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Prader-Willi Syndrome and Angelman Syndrome

Prader-Willi syndrome ( PWS PWS A vascular malformation of developmental origin characterized pathologically by ectasia of superficial dermal capillaries, and clinically by persistent macular erythema. In the past, port wine stains have frequently been termed capillary hemangiomas, which they are not; unfortunately this confusing practice persists: hemangioma, capillary is neoplastic, a port-wine stain is non-neoplastic. Port-wine stains vary in color from fairly pale pink to deep red or purple and in size from a few millimeters to many centimeters in diameter. The face is the most frequently affected site and they are most often unilateral. Sturge-Weber Syndrome (SWS)) and Angelman syndrome (AS) are both rare autosomal neurodevelopmental genetic disorders mapped to a specific region of chromosome 15 Chromosome 15 Marfan Syndrome attributed to genomic imprinting Imprinting The variable phenotypic expression of a gene depending on whether it is of paternal or maternal origin, which is a function of the DNA methylation pattern. Imprinted regions are observed to be more methylated and less transcriptionally active. Epigenetic Regulation. This means that the phenotype Phenotype The complete genetic complement contained in the DNA of a set of chromosomes in a human. The length of the human genome is about 3 billion base pairs. Basic Terms of Genetics depends on the gender Gender Gender Dysphoria of the parent donating the genes Genes A category of nucleic acid sequences that function as units of heredity and which code for the basic instructions for the development, reproduction, and maintenance of organisms. DNA Types and Structure. A paternally derived chromosome 15 Chromosome 15 Marfan Syndrome with this deletion results in 15q11-13 paternal deletion syndrome, or PWS PWS A vascular malformation of developmental origin characterized pathologically by ectasia of superficial dermal capillaries, and clinically by persistent macular erythema. In the past, port wine stains have frequently been termed capillary hemangiomas, which they are not; unfortunately this confusing practice persists: hemangioma, capillary is neoplastic, a port-wine stain is non-neoplastic. Port-wine stains vary in color from fairly pale pink to deep red or purple and in size from a few millimeters to many centimeters in diameter. The face is the most frequently affected site and they are most often unilateral. Sturge-Weber Syndrome (SWS), whereas a maternally derived chromosome 15 Chromosome 15 Marfan Syndrome with a similar deletion is associated with AS. Diagnosis is established with genetic testing Genetic Testing Detection of a mutation; genotype; karyotype; or specific alleles associated with genetic traits, heritable diseases, or predisposition to a disease, or that may lead to the disease in descendants. It includes prenatal genetic testing. Myotonic Dystrophies. Management is mostly supportive and is focused on early intervention for developmental, neurologic, and physical abnormalities.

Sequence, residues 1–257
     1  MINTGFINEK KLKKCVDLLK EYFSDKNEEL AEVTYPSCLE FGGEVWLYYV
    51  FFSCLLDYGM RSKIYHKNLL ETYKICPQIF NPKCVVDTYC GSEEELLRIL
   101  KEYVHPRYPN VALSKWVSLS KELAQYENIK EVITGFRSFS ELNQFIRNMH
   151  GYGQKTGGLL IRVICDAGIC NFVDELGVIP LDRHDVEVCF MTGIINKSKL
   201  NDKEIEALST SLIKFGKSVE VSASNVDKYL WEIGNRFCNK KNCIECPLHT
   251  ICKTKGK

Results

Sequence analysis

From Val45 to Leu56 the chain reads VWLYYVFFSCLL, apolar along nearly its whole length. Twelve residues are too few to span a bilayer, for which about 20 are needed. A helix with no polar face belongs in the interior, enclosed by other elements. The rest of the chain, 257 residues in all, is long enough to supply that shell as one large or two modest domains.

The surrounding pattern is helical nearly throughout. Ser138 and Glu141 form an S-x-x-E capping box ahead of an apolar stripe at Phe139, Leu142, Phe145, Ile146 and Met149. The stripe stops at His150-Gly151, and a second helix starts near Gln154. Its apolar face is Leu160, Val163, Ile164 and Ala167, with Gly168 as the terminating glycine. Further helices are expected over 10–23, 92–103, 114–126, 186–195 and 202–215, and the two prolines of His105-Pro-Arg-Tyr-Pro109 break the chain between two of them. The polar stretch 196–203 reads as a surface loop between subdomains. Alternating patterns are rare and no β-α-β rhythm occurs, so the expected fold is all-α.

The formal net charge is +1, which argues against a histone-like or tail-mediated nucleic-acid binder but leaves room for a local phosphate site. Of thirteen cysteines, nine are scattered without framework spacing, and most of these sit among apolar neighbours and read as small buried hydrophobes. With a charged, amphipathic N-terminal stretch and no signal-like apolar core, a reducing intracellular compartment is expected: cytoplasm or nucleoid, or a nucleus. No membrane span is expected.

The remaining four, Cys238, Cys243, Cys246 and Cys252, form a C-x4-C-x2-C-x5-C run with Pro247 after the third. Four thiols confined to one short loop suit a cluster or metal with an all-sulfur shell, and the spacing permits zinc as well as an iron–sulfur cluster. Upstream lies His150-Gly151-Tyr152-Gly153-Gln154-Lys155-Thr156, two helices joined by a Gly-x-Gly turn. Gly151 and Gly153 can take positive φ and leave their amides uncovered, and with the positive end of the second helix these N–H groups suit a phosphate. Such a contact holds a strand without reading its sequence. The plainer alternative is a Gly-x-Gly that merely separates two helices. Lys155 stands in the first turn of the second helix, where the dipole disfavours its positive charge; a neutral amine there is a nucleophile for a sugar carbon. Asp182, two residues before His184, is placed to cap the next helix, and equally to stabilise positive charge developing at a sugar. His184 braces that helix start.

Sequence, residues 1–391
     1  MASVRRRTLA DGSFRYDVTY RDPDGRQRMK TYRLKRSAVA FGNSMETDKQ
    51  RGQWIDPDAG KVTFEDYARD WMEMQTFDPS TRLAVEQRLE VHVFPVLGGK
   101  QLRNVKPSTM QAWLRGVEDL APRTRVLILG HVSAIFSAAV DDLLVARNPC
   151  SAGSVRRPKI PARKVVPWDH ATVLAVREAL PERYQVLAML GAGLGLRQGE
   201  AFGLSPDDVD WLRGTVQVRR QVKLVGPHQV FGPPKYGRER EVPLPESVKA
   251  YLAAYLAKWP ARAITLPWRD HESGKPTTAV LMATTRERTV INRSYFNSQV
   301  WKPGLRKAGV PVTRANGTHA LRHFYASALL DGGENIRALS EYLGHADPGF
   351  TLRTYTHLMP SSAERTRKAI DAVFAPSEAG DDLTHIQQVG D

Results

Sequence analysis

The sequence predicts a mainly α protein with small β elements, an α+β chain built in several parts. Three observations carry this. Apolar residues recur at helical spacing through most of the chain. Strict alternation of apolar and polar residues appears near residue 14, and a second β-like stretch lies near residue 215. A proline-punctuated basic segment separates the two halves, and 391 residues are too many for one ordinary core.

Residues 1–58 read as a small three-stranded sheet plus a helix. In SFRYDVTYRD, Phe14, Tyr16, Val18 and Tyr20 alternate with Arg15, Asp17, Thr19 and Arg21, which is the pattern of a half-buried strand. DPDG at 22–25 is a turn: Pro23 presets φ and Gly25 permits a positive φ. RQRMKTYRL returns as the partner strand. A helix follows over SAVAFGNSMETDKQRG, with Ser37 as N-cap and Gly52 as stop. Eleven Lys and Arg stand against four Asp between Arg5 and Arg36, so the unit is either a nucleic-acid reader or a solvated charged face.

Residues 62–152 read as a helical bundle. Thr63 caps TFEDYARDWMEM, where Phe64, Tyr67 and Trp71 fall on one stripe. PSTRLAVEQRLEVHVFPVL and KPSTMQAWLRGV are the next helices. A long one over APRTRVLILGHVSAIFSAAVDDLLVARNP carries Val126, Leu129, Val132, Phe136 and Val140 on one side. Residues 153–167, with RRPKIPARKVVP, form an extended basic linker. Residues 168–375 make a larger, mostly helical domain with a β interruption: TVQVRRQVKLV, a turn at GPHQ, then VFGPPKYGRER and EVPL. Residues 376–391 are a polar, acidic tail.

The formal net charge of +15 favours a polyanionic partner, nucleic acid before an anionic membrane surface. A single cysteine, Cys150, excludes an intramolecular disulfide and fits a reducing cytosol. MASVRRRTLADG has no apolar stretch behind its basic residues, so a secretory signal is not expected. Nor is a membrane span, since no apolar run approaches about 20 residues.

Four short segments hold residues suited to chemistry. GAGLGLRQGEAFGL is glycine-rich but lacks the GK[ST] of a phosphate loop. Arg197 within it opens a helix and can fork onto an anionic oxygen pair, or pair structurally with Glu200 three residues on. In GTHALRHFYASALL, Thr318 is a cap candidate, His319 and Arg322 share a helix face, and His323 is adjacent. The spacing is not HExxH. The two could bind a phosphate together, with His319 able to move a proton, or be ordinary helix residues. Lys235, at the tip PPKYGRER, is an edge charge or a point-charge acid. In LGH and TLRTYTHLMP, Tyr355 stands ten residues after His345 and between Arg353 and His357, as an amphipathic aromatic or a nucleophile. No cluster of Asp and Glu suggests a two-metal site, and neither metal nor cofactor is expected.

Last updated: 29 Apr, 2022

Editorial responsibility: Stanley Oiseth, Lindsay Jones, Evelin Maza

Overview

Definitions

Prader-Willi syndrome ( PWS PWS A vascular malformation of developmental origin characterized pathologically by ectasia of superficial dermal capillaries, and clinically by persistent macular erythema. In the past, port wine stains have frequently been termed capillary hemangiomas, which they are not; unfortunately this confusing practice persists: hemangioma, capillary is neoplastic, a port-wine stain is non-neoplastic. Port-wine stains vary in color from fairly pale pink to deep red or purple and in size from a few millimeters to many centimeters in diameter. The face is the most frequently affected site and they are most often unilateral. Sturge-Weber Syndrome (SWS)) is a condition associated with loss of the paternal chromosome Chromosome In a prokaryotic cell or in the nucleus of a eukaryotic cell, a structure consisting of or containing DNA which carries the genetic information essential to the cell. Basic Terms of Genetics 15q11-13 region and is characterized by intellectual disability Disability Determination of the degree of a physical, mental, or emotional handicap. The diagnosis is applied to legal qualification for benefits and income under disability insurance and to eligibility for social security and workman’s compensation benefits. ABCDE Assessment, short stature, underdevelopment of the sexual organs, and obesity Obesity Obesity is a condition associated with excess body weight, specifically with the deposition of excessive adipose tissue. Obesity is considered a global epidemic. Major influences come from the western diet and sedentary lifestyles, but the exact mechanisms likely include a mixture of genetic and environmental factors. Obesity.

Angelman syndrome (AS) is a disorder associated with loss of the maternal chromosome Chromosome In a prokaryotic cell or in the nucleus of a eukaryotic cell, a structure consisting of or containing DNA which carries the genetic information essential to the cell. Basic Terms of Genetics 15q11-13 region and is characterized by severe neurodevelopmental delay.

Epidemiology